As shown in FIG. 6, a second well 28 is added to the source side of transistor 26 in the FIG. 5 structure; the n-well 28 overlaps the n+source 26 a in a manner similar to the overlap of drain region 26 b by well 22. The source contact to the Bias supply is through the n-well, as shown in FIG. 6.
It is noted that, in each of FIGS. 4, 5 and 6, the upper capacitor plate is shown as being one distance from the active surface of the silicon, the lower capacitor plate is shown as being another distance from the active surface of the silicon, and the gate of the transistor (transistor 24 in FIG. 4 and transistor 26 in FIGS. 5 and 6) is shown as being yet another distance from the active surface of the silicon, suggesting that the structure in each case uses three layers of polysilicon. In fact, although the invention should not be so limited, the preferred embodiment uses only two layers of polysilicon and the poly for the gate of transistor is at the same distance from the active surface of the silicon as either the upper or lower plate of the capacitor. Either poly layer is acceptable for the gate of the transistor, the preference being dependent upon the particular application, the issues being high-voltage versus low-voltage operation and the location of the parasitic capacitance from the transistor gate.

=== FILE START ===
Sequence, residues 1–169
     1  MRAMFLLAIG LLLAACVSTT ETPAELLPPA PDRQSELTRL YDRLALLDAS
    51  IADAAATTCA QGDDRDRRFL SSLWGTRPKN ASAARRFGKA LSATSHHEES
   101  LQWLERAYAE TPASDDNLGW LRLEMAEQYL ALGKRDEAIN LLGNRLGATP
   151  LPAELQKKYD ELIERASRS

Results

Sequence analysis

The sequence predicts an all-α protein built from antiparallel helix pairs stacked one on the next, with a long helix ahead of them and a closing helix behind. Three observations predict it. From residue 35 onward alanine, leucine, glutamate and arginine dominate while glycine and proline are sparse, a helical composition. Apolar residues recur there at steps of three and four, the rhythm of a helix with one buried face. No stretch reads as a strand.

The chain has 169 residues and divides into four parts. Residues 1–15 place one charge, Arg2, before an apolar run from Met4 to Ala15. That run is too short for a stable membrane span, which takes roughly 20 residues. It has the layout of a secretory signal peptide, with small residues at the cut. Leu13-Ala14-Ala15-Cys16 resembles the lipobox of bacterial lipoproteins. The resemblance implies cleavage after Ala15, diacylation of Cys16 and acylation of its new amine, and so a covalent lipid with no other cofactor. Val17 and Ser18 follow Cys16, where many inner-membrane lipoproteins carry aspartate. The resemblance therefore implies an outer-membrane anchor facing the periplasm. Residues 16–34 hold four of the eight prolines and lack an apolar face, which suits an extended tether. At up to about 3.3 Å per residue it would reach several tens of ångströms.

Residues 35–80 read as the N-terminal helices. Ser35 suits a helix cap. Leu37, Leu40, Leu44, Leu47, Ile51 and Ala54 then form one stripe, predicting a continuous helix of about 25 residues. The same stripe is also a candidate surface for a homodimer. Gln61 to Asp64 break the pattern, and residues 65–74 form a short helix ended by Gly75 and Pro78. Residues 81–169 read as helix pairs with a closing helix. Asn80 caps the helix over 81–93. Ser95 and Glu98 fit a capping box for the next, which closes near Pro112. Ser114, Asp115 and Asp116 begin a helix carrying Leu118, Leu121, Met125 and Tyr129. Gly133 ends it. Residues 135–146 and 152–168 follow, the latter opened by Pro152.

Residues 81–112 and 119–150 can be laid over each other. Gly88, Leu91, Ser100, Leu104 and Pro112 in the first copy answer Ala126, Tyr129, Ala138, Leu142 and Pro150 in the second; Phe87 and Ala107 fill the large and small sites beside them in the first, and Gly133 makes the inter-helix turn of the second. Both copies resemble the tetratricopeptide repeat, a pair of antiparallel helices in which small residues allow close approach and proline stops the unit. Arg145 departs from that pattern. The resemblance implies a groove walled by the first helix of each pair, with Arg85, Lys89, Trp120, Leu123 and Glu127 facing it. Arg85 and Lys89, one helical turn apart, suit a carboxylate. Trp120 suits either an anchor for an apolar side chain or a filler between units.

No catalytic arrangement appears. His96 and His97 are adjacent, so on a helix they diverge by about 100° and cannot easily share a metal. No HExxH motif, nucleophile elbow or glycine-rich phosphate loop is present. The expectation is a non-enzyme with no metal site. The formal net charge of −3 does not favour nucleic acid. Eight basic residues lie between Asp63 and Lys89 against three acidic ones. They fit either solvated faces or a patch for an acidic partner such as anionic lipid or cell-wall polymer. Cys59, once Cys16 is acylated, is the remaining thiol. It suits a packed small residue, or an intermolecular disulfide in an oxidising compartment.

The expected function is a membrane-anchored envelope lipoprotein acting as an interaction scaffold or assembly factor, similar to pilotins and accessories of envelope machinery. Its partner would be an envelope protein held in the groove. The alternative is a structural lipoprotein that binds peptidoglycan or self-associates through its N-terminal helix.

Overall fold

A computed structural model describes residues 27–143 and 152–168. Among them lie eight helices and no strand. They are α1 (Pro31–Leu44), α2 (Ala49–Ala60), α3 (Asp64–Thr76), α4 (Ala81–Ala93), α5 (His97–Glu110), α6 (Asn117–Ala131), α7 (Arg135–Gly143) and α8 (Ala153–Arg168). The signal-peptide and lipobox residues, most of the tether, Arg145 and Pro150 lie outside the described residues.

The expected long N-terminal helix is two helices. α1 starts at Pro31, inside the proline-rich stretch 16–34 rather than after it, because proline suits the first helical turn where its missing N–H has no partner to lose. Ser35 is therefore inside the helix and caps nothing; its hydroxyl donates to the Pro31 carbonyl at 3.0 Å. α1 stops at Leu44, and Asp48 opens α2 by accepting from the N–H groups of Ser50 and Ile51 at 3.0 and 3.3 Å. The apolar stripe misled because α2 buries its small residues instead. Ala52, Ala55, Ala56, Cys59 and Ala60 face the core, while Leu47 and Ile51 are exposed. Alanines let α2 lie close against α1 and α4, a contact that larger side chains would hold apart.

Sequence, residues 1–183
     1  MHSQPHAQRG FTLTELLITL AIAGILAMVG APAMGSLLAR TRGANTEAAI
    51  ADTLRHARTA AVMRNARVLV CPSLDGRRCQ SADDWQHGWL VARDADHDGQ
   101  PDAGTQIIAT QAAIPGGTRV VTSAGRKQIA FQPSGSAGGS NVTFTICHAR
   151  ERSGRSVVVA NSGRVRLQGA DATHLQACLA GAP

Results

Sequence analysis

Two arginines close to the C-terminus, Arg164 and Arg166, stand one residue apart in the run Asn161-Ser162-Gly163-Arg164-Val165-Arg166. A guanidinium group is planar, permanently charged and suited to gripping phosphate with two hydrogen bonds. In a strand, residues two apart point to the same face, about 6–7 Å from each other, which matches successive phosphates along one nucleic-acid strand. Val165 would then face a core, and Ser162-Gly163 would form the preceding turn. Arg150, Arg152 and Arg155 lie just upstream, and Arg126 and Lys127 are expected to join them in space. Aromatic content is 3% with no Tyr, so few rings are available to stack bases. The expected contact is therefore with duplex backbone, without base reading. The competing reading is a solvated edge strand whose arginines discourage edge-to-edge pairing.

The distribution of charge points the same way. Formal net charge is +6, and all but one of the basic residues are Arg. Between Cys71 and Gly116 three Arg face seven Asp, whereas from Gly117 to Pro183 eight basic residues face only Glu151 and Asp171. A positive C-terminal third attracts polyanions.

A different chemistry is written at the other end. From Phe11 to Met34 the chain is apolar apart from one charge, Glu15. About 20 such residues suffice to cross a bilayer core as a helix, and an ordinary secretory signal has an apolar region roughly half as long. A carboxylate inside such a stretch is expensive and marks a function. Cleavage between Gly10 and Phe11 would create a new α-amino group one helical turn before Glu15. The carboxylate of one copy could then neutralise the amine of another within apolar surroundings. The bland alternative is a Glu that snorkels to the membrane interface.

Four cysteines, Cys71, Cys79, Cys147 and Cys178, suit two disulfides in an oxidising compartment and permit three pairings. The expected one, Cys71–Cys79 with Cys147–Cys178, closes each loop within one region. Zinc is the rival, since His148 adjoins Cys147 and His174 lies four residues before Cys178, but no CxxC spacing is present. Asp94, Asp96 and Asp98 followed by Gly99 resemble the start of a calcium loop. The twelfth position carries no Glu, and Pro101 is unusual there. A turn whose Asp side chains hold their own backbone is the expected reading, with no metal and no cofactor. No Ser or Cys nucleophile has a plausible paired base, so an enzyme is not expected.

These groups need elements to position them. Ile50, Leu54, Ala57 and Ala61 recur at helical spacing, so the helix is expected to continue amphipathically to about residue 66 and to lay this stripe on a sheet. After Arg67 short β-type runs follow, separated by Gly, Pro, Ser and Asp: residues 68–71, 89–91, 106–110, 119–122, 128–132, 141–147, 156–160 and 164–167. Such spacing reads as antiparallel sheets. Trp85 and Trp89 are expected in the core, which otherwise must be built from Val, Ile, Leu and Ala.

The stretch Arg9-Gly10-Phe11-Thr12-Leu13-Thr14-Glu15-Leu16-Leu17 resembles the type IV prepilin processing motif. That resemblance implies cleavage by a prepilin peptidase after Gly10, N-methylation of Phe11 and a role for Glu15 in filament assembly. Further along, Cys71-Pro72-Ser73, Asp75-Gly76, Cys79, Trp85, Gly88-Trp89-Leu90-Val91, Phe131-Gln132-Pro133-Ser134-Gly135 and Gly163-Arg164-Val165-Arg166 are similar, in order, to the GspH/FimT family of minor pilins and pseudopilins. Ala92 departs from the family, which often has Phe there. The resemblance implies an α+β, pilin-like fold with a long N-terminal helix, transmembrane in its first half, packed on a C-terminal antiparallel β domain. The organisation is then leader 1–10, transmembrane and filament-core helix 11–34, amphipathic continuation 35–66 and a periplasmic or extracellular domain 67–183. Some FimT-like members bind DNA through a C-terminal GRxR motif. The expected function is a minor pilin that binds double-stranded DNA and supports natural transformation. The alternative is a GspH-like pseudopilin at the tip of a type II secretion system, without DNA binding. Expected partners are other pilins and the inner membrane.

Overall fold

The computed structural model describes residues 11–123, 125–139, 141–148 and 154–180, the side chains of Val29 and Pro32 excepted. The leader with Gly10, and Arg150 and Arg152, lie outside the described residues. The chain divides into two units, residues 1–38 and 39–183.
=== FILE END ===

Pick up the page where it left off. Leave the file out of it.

The foregoing demonstrates the use of a small MOS transistor to replace the large resistor commonly found in conjunction with the isolating well of poly-poly capacitors. The transistor can be merged with the well's implant for further area reduction. This technique can extend to other parallel plate capacitor structures that employ an underlying well for either noise protection or circuit efficiency.